The healthcare industry is in a difficult position. Despite the utility that connected devices present to medical providers, the Bluekeep vulnerability makes it seem as though connected devices aren’t a wise solution for many to use… and there’s nobody these organizations can blame but themselves.
BlueKeep is a malware strain that was first discovered in May 2019, and was patched in short order to prevent it from becoming another situation like EternalBlue. EternalBlue was the exploit that allowed WannaCry to have such a considerable impact, especially on healthcare providers in the UK. Despite this precedent, however, many hospitals neglected to apply the necessary patches--and that isn’t even the worst part.
The worst part is that the three systems that BlueKeep impacts (Windows 7, Windows Server 2008, and Windows Server 2008 R2) share one thing in common: they have all passed their end-of-life date, and therefore no longer receive security updates.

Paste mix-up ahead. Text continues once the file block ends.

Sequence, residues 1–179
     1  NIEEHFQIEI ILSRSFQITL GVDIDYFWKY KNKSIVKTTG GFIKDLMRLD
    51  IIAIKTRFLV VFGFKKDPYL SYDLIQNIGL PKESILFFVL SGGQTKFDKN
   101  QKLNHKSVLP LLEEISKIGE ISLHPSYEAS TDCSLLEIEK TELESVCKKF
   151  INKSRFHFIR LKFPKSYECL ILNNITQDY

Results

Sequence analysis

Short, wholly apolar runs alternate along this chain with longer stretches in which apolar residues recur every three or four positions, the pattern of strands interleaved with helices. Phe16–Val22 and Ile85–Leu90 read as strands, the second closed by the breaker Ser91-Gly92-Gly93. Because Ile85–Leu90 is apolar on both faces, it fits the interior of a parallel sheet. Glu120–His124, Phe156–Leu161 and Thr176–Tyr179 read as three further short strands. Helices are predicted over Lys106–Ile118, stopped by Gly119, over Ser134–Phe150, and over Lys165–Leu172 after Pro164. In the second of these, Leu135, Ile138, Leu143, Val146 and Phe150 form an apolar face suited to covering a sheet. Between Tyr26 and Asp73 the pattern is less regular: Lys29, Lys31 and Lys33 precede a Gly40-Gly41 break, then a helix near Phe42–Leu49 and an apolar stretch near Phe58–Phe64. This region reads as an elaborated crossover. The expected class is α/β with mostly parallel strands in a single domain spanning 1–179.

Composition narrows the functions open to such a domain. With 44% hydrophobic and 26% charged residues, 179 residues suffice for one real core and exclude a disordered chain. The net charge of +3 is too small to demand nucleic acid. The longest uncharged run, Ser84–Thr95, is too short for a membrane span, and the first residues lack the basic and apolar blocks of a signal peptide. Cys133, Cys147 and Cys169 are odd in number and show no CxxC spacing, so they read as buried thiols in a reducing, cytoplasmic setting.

This makes this situation a two-fold disaster. Not only have patches been released to mitigate BlueKeep, the systems affected by BlueKeep should not be in use anyways.
Of course, it only gets worse, and paints an unfortunate portrait of medical IT. A reported 22 percent of BlueKeep-vulnerable devices are yet unpatched. Worse, 45 percent of connected medical devices remain vulnerable, making things like x-rays, anesthesia machines, and other care-driven technology a risk to use.
Lean on the IT experts at TaylorWorks for assistance. We can help any organization ensure that their technology won’t put their operations or their patrons in harm’s way. Learn more about what we can do by calling us at 407-478-6600.